Purpose of review: Hepatitis C virus infection is the leading indication for liver transplantation, with recurrent hepatitis C almost universal. Although posttransplant treatment of hepatitis C virus infection remains suboptimal, active investigation continues to inform patient selection and risk-benefit analysis.
Recent findings: Several key studies have identified components in the immunological response that are associated with the necroinflammatory and fibrotic response. Hepatitis C virus infection is associated with a higher rate of diabetes mellitus after transplant. Patients with diabetes and metabolic syndrome have poorer outcomes, and aggressive management is necessary. Differentiation of acute rejection from recurrent hepatitis C is difficult; however, the use of hepatitis C virus RNA tissue levels, immunohistochemistry and Councilman body/portal tract ratio may help with this diagnostic dilemma. The use of a specific calcineurin inhibitor appears not to influence recurrent hepatitis C, but rapid steroid taper is detrimental and, if steroids are used, long slow taper should be used. Use of rapid and early virological responses is very helpful in the management of hepatitis C after transplantation. In the patients with sustained virological response, histological and survival benefits are noted.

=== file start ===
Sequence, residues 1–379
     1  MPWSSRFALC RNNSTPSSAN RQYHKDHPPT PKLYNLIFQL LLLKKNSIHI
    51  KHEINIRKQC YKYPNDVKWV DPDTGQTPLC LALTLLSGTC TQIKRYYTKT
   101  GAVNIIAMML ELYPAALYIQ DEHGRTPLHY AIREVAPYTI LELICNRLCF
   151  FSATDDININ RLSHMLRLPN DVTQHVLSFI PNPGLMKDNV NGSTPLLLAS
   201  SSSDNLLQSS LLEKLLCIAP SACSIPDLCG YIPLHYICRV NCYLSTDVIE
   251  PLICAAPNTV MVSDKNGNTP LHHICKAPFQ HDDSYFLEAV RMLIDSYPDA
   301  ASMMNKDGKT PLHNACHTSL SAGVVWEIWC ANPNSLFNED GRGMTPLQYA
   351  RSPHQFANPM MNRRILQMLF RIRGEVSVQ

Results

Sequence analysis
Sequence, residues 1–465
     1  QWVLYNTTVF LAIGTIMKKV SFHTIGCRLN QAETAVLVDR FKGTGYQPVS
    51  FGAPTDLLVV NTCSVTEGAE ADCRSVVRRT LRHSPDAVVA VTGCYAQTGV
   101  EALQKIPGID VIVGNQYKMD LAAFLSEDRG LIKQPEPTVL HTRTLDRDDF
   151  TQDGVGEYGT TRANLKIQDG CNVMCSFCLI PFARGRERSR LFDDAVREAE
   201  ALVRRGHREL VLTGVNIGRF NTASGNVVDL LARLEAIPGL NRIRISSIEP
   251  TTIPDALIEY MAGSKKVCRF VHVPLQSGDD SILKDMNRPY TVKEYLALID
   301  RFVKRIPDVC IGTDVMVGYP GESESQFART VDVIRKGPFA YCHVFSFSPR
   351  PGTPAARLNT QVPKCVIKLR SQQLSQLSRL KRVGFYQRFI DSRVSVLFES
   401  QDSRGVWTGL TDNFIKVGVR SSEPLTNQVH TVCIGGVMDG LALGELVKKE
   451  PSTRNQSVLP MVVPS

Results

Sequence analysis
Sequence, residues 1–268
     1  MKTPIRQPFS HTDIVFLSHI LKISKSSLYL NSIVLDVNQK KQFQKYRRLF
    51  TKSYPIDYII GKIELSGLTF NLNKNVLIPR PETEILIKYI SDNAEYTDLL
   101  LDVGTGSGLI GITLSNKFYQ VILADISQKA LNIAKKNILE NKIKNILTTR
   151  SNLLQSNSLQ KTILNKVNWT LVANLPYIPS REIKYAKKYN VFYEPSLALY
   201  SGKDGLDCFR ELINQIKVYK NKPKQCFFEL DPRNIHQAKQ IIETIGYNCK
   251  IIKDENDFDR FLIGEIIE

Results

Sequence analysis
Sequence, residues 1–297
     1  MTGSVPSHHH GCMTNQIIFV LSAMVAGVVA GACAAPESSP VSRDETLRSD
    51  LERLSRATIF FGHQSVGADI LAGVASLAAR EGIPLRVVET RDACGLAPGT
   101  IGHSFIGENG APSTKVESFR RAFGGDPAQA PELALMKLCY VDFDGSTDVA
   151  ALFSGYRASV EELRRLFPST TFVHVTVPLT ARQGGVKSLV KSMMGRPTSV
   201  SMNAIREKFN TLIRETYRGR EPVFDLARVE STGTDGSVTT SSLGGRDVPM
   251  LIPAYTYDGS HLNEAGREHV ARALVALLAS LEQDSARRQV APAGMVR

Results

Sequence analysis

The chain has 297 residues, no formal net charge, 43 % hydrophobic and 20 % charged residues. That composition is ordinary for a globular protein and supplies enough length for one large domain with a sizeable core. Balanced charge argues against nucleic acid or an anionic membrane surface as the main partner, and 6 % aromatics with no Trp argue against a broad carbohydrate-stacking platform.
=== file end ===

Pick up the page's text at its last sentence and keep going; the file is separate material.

Summary: The present review highlights advances in our understanding of the pathophysiology and treatment of hepatitis C virus infection after liver transplantation in the last few years.